Maple Glaze Crusted Salmon  

Submitted to NYS Maple Association by Cathy Parsons. Serves 4 people.

½ filet wild or farm raised salmon, skin removed, cleaned and pin bones removed, cut into 4 pieces
2 cups of panko breadcrumbs
½ cup maple granulated sugar or maple sugar, finely crushed
1 ½ tsp. kosher salt
½ tsp. black pepper
Maple cream, as needed
Oil, as needed

Directions: In a flat pan with edges, mix together bread crumbs, maple sugar, salt and pepper. Dredge the cleaned salmon on all sides with the breadcrumb mixture, drizzle generously with maple cream then bread again in the maple sugar breading mixture. Heat a large sauté pan over high heat until hot. Add enough oil to lightly coat the bottom of the pan. Cook the salmon on one side over medium to medium high heat until golden, about 3 minutes. Flip once and cook for another 1-2 minutes. Remove from pan and place on a sheet tray. Finish baking in a 400°F oven for about 5 minutes or until the desired internal temperature is reached. Serve with additional maple cream on the plate if desired.

Rolled Maple Sugar Cookies

Submitted to NYS Maple Association by Dottie Merle. Yields 9 squares.

1 ¼ cup flour
⅓ cup sugar
½ cup soft butter or margarine
¾ cup Grade B maple syrup
⅔ cup white sugar
2 large eggs, well beaten
2 tbsp. melted butter
1 ½ tsp. vanilla
2 tbsp. flour
¼ tsp. salt
1 cup chopped walnuts

Directions: Cut together first three ingredients until they resemble coarse meal. Press into greased 9” pan and bake 15 minutes at 375°. Remove, and reduce oven temperature to 350°.Combine Pure NY Extra Dark, white sugar, eggs, melted butter, vanilla, flour, and salt and beat well. Stir in walnuts. Pour over crust and bake 40 – 45 minutes or until firm. Cool and cut into squares.

Mom's Hard Rock Maple Cookies

Submitted to The Maple News by Betty Ann Lockhart.

½ cup salted butter (1 stick, 8 tablespoons)
1 cup pure maple sugar
2 beaten eggs
1 ½ cups flour
1 teaspoon baking soda
¼ teaspoon salt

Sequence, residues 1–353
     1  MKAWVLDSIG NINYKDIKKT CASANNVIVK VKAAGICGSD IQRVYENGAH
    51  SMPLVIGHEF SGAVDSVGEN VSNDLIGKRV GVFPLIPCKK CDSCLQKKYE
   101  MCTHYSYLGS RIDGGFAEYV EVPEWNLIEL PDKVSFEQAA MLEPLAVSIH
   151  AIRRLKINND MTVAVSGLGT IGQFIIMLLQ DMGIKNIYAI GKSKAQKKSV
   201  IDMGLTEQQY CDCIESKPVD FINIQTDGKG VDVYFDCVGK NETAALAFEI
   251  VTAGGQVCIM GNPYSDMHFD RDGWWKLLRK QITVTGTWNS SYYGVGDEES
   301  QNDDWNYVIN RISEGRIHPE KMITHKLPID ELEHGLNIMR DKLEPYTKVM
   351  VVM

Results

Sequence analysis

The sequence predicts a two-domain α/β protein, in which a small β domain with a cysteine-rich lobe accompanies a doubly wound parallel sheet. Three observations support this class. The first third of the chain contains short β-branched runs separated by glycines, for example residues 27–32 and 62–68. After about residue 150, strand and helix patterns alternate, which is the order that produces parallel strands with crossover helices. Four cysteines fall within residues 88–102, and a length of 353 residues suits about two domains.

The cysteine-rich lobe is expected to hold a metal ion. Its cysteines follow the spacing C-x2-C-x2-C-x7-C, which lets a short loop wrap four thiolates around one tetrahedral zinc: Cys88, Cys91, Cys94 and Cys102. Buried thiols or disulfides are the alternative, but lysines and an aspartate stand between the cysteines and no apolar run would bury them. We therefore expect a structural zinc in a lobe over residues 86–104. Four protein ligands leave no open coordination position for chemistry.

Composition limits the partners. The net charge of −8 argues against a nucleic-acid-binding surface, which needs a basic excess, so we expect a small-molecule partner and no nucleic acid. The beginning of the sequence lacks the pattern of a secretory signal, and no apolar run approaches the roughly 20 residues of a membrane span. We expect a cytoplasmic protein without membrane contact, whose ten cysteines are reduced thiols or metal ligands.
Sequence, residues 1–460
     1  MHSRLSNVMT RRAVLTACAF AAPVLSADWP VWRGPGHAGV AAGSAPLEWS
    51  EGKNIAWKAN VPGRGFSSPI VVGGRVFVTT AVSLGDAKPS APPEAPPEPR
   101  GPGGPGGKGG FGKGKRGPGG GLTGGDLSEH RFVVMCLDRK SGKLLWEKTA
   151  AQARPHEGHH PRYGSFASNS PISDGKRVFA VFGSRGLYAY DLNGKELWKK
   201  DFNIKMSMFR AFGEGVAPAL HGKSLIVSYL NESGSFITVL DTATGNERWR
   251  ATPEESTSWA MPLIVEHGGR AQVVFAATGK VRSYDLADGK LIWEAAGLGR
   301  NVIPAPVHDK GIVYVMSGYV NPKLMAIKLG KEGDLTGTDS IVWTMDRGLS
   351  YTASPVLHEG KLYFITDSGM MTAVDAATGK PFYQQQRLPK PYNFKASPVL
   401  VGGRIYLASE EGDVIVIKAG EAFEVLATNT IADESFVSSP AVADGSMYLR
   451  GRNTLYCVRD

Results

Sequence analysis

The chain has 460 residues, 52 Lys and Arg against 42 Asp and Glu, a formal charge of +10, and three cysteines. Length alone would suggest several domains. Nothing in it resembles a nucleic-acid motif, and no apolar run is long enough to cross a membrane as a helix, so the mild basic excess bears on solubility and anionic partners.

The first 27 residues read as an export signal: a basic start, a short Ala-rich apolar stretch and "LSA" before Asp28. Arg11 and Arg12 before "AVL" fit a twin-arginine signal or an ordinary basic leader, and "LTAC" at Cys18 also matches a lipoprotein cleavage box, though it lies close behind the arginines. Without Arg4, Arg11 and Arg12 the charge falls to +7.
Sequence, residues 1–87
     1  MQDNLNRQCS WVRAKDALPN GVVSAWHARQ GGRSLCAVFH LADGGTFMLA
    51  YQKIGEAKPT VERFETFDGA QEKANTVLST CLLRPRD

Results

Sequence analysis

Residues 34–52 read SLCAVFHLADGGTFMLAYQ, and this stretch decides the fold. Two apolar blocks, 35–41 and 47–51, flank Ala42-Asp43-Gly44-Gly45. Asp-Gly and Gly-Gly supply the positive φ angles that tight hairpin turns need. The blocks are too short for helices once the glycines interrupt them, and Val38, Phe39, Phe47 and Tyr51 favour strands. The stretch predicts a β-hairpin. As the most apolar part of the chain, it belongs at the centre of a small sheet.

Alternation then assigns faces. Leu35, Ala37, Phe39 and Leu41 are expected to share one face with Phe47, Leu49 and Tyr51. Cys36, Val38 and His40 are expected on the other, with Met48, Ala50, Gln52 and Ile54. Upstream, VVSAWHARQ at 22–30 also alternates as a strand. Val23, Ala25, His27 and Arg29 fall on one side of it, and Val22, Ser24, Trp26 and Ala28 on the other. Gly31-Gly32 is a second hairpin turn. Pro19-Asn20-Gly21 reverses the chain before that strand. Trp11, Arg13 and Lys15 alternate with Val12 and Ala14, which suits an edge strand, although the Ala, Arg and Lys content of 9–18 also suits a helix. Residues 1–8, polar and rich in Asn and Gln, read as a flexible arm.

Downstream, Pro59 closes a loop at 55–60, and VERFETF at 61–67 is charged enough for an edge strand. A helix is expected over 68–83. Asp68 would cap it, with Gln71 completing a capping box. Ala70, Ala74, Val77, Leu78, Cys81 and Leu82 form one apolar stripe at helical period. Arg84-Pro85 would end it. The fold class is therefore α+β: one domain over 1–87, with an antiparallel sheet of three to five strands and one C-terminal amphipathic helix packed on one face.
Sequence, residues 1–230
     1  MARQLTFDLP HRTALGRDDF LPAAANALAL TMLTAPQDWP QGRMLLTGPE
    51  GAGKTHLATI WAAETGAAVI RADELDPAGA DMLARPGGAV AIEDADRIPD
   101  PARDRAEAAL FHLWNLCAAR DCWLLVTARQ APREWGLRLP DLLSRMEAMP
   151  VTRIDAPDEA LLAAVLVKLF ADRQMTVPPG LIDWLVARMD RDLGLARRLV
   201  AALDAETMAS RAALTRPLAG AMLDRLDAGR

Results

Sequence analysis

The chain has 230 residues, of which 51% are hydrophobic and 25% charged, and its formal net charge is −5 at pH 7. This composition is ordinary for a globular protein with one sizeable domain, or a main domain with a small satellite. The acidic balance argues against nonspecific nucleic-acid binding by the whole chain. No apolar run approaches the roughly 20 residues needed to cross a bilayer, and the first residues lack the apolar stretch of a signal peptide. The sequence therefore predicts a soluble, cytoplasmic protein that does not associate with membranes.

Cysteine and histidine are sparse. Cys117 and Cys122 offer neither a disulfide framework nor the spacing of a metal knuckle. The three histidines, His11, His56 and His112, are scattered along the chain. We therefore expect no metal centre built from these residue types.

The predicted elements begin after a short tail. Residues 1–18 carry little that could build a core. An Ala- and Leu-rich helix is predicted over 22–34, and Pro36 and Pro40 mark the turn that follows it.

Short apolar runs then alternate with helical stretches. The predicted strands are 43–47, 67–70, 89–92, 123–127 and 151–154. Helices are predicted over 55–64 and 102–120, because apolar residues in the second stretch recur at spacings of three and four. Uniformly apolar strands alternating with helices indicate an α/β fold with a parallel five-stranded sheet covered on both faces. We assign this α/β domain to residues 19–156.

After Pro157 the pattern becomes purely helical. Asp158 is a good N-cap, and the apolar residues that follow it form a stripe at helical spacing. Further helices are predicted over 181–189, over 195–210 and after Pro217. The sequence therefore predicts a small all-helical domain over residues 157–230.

¼ teaspoon ground cloves 
½ teaspoon ground cinnamon
1 ½ cups walnuts (NOT CHOPPED)
1 cup of raisins (golden or dark – your choice)
1 32 ounce package pitted dates (preferably whole)

Directions: Preheat the oven to 350⁰. Prepare a cookie sheet with parchment paper or a baking sheet. In a mixer, combine butter and pure maple sugar. Gradually add the beaten eggs. Stir in the flour, baking soda, salt, cloves and cinnamon, Add the walnuts, raisins and dates. Drop the batter by generous tablespoons full onto the cookie sheet. (You want these cookies to look nice and lumpy).  Bake for 12 minutes at 350⁰. Remove to a cooling rack.

Maple Shrimp and Veggie Stir Fry

Submitted to The Maple News by Betty Ann Lockhart.

¾ cup maple syrup, preferably Dark with Robust Taste
½ cup fresh mushroom slices
½ cup broccoli “flowers”
½ cup julienned carrots
½ cup julienned celery
½ cup red, green, orange or yellow pepper strips
½ cups snow peas
½ cup water chestnuts (canned, drained) 
½ cup whole cashews, (optional)
1 pound small frozen “salad” shrimp thawed, or equivalent larger cleaned shrimp
Cooking oil to coat a large skillet or wok
Cooked rice
Chinese noodles (optional)

Directions: Coat the skillet with cooking oil. Sauté the veggies in the skillet until barely tender. Add the shrimp (we like to use the little Maine or Canadian shrimp when we can get them – bought without shells, clean and sweet). Add the maple syrup, stir to combine, and cook briefly until the shrimp are opaque. Serve over rice, and top with Chinese noodles.

Microwave Maple Red Cabbage

Submitted to The Maple News by Betty Ann Lockhart.

1 small red cabbage or ½ large one
1 medium sized apple
1/3 cup red wine, apple cider or maple vinegar (maple is best if you have it!)
3 tablespoons maple sugar
¼ cup Real Maple Syrup
1 tablespoon butter 

Directions: Use a large microwave safe bowl. Shred the red cabbage with a food processor, a cabbage board (I have my Great Grandmother’s!) or finely with a large, sharp knife. Chop the apple, and add. Cook covered in the microwave on high for 15 minutes. Add the maple sugar, syrup and butter, and stir to combine. Re-cover and cook for an additional 5 minutes.